EU Can Keep Airline Carbon Plan Using UN Credits, IETA Says

Europe may need to let airlines use United Nations credits to meet pollution caps after countries spurned the bloc’s plan to apply its carbon market to overseas flights, according to the biggest emissions trading lobby group.

“There’s an opening for the European Union to negotiate with other countries” on airlines’ compliance with its greenhouse-gas limits, said Dirk Forrister, the president of the International Emission Trading Association in Geneva. One option is to allow flights from developing nations to use credits created from UN-overseen projects to reduce emissions, he said in a phone interview yesterday.

The UN’s International Civil Aviation Organization on Oct. 4 approved steps toward a market to cut emissions in the $708 billion airline industry starting 2020. The UN agency declined to back the EU’s plan to include flights into and out of Europe in the bloc’s trading system before a global program starts, even after it limited the scope to flights within its airspace.

The EU’s carbon market, the world’s biggest, started in 2005 and allocates tradable emission permits to polluters, which must surrender them to cover discharges or pay fines. The bloc expanded its program last year to cover airlines, triggering protests from Saudi Arabia to the U.S. that prompted it to suspend the carbon curbs on foreign flights for a year.

Emissions Reduction

Airlines in the EU could use cheaper UN credits to meet as much as 15 percent of their emission obligations for 2012 and 1.5 percent for the following eight years. That share may need to increase if the bloc wants to include international air traffic in its market before 2020, Forrister said.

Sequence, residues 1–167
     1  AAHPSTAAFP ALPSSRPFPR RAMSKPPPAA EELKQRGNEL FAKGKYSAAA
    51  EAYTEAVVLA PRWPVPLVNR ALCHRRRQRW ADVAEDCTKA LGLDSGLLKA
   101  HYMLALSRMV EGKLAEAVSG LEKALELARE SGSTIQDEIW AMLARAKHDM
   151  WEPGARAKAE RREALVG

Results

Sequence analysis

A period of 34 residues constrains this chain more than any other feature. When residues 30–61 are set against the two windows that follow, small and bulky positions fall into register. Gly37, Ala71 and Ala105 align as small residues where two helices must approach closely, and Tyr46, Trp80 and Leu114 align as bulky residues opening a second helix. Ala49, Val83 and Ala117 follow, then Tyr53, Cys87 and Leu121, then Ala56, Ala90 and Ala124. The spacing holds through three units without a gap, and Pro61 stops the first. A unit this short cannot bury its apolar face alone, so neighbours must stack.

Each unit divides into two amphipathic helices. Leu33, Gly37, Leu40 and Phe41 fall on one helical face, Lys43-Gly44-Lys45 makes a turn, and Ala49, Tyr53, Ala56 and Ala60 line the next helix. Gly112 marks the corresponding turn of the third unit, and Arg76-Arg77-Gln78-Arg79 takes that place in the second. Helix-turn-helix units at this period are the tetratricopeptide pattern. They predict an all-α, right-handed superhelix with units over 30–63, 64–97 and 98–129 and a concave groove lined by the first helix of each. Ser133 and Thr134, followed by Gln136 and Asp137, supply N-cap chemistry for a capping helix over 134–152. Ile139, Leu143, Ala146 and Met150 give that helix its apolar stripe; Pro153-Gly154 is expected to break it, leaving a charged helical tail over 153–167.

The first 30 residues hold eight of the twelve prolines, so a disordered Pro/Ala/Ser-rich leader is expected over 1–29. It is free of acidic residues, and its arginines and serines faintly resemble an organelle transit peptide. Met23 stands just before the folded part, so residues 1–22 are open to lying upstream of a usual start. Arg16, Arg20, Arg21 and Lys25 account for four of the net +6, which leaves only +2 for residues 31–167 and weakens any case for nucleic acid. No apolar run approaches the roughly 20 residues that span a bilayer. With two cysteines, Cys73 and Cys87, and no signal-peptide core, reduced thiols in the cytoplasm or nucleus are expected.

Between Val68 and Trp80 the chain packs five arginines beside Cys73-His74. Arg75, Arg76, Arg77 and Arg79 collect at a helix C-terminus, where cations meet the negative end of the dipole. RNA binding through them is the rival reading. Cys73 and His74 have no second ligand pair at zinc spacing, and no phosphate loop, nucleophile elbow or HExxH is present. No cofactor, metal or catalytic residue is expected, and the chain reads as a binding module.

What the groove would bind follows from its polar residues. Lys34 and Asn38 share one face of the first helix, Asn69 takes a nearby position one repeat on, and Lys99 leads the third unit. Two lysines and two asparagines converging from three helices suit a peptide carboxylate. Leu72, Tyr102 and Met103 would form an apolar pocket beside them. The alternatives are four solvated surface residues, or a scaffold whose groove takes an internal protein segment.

Use of credits by airlines in the eight-year period through 2020 may amount to about 10 million tons of carbon dioxide equivalent, assuming international flights remain out of the market, according to Itamar Orlandi, a London-based analyst at Bloomberg New Energy Finance. The total supply of new CERs was 11.2 million tons last month, UN data show.

EU permits for December, the benchmark contract, fell 2 percent to close at 4.88 euros ($6.62) a metric ton on ICE Futures Europe in London. That’s more than eight times the 58 euro cents a ton for UN Certified Emission Reductions, or CERs, created from greenhouse-gas reducing projects in developing nations.

China and India, the top two producers of CERs, are among countries that protested the EU’s inclusion of overseas flights in its carbon market.

Global Deal

“We have always said that the EU was ready to amend its legislation to reflect the outcome of a global deal,” Isaac Valero-Ladron, a spokesman for the commission on climate in Brussels, said yesterday in an e-mailed response to questions. EU lawmakers will now determine what they want for the bloc’s carbon market through 2020, he said.

Other ways the EU could encourage voluntary inclusion into its emissions market may include setting aside some revenue from sales of carbon allowances for climate-protection research, Forrister said.

A diluted draft recommended by a majority of states in the 36-nation ICAO Council last month allowed the EU to continue its program for flights within its airspace. The original version that was suspended covered emissions from the whole length of journeys into and out of the bloc.

While the EU proposal wasn’t endorsed by ICAO last week, the EU still has the right to cap airline emissions within its airspace before a global market starts, EU Transport Commissioner Siim Kallas said Oct. 4.

“If the EU can correct some of the shortcomings in its emissions trading system design, there is scope to find agreement” with its trading partners on keeping some international flights, Daniel Rossetto, the managing director of Climate Mundial Ltd. in London, said by phone in an Oct. 4 interview.

There’s a “better-than-even” chance the bloc is willing to forgo charging for emissions outside its airspace, he said.

To contact the reporter on this story: Mathew Carr in London at m.carr@bloomberg.net

To contact the editor responsible for this story: Lars Paulsson at lpaulsson@bloomberg.net

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